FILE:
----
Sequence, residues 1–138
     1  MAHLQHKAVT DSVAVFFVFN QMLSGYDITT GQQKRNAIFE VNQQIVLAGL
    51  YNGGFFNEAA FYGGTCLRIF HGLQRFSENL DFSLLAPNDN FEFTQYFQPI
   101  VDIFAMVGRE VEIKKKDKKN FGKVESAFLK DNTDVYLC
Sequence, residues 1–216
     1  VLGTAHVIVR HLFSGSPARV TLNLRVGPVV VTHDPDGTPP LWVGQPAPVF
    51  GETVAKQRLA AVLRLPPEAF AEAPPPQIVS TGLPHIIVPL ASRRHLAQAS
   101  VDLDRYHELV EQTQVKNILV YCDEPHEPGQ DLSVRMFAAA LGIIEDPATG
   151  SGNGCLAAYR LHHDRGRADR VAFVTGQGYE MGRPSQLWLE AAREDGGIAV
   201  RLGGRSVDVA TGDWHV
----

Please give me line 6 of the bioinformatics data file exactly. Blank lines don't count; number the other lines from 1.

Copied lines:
     1  VLGTAHVIVR HLFSGSPARV TLNLRVGPVV VTHDPDGTPP LWVGQPAPVF